• This UC Davis guide is pretty awesome.
• Here is a random textbook chapter about communicating sexually.
• This zine, Learning Good Consent, teaches all about consent, which isn’t always as simple as “yes” or “no.” You should have a look even if you think you know what consent means and how to recognize it.

4. Find a place to do it. Some teens are lucky enough to have parents who don’t mind them having sex in the house – but then there are others who won’t even let you be in your room with your partner when the door’s closed! Here are some locations you could try:
• Do your parents or your partner’s parents ever go out of the house for an evening, a weekend, or a more extended trip? That might be a good time to have sex in the house. Just make sure you clean up after yourself.
• Do you have any friends with cool parents (or parents who are often out of the house) who might let you use their place from time to time?
• Does one of you have a car that you can have sex in, or can you borrow one? (Having sex in public is illegal, of course, but you may be able to find a secluded enough area. Attempt at your own risk!)
• Keeping the above warning in mind: there are other public places that are pseudo-private and might work. I once had sex inside a playground tube at night, for example. Just make sure you keep a lookout, and bring condoms!
• If your parents are cool with you closing the door but you don’t want them to know you’re having sex, you can get creative to make sure they don’t hear you. It can be hot to have to remain totally silent, like you’re keeping a sexy secret together. And it can be fun to explore the terrain of your bedroom to find the quietest possible surface to bang on. (I used to have a super squeaky bed so my partner and I always had to have sex on the floor to minimize noise!) Additionally, you could try the age-old trick of blasting loud music to cover up your sex sounds, though that might arouse suspicion!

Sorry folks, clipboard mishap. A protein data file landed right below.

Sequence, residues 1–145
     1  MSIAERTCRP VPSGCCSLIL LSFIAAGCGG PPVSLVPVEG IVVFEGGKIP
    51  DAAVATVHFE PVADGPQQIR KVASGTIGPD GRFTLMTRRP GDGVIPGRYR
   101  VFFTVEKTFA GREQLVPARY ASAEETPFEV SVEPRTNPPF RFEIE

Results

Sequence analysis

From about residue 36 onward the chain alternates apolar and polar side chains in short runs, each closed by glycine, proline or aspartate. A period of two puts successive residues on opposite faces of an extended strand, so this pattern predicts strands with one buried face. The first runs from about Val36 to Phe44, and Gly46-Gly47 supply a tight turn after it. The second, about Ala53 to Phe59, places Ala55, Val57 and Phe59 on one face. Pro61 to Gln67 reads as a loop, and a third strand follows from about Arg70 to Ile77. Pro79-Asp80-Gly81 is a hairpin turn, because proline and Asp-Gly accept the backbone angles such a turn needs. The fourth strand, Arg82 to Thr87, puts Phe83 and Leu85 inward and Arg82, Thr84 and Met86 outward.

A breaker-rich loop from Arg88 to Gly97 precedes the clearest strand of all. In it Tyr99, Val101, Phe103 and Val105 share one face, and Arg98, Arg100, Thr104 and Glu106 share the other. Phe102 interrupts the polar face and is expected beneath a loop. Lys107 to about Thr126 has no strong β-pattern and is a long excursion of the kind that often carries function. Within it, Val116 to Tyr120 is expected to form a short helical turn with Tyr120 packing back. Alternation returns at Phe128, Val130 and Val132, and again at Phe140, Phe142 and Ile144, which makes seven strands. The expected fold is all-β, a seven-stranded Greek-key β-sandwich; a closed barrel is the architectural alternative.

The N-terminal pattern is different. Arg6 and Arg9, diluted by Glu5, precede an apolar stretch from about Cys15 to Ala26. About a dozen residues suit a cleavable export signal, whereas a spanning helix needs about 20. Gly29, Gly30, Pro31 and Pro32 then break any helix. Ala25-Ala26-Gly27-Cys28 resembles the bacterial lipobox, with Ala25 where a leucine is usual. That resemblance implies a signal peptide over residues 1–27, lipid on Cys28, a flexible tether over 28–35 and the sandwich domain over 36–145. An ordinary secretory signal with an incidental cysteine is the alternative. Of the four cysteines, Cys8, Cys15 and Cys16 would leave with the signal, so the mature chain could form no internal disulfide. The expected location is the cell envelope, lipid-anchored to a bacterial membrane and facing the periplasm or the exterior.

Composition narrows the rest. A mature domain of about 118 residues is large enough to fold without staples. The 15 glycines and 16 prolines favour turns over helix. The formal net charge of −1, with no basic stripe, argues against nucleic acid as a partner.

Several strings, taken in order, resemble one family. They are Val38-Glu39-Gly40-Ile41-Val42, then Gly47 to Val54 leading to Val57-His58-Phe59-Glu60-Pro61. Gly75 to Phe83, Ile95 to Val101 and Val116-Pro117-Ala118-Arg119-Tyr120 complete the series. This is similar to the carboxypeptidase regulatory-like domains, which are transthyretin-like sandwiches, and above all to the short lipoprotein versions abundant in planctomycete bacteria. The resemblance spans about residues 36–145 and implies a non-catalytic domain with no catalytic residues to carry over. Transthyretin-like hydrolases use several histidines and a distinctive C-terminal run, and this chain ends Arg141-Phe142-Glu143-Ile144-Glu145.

5. Listen to your body and your partner, not your expectations. This is the advice I wish someone had given me when I first became sexually active! Here are some examples of what I mean:
• If you’ve ever watched porn before, you might have the idea that someone who’s really enjoying themselves sexually will make a lot of noise. The truth is, not everyone is noisy in bed. Sexy sounds might develop over time, but don’t expect your partner (or yourself) to bust out loud moans and shrieks right off the bat. If you’re not sure if they’re enjoying themselves, ask them instead of relying on unreliable signals.
• If a particular sexual act doesn’t feel that great to you, but you feel like you’re “supposed to” enjoy it, don’t pretend to enjoy it! Instead, have a talk with your partner about what the two of you could try to make it more enjoyable. Lube? A different speed or rhythm? More foreplay? Harder or softer touch? And if you find that no adjustments can make you like a particular act, remember that you don’t have to do anything you don’t want to do. If a sex act makes you uncomfortable or just feels bad, you don’t have to do it.
• If you’re having sex with someone who has a vagina, remember that clitoral stimulation is required for the majority of those folks to have an orgasm. Vaginal stimulation alone won’t do it in most cases. It’s easy to add clit stimulation: you or your partner can use fingers, or you can incorporate a small vibrator (some drugstores sell ’em alongside the condoms, if you want to give vibes a try – though don’t judge vibrators on those, because they’re not the best!).
• If your partner asks you whether or not you’re enjoying something they’re doing, try not to lie, even if the truth is kind of embarrassing. When you lie, you give your partner the wrong signals and you deny yourself the kind of sex you want, while also denying your partner the pleasure of making you feel good. Sexual honesty is important, and if you can get good at it early, you’ll be ahead of the game!
• If you’re feeling good and having fun, and your partner is too, then the sex you’re having is successful. Don’t worry too much about orgasms, duration, what sex is “supposed” to look or feel like, or any other peripheral concerns like that. Pleasure and fun should be your main goals; all the rest is extra.
• For more info on how real-life sex can be different from some people’s expectations, have a look through Make Love, Not Porn.

What do you wish someone had told you when you first became sexually active? Teens: what kind of information do you think people in your age group need more of, in order to have safe, fulfilling sex?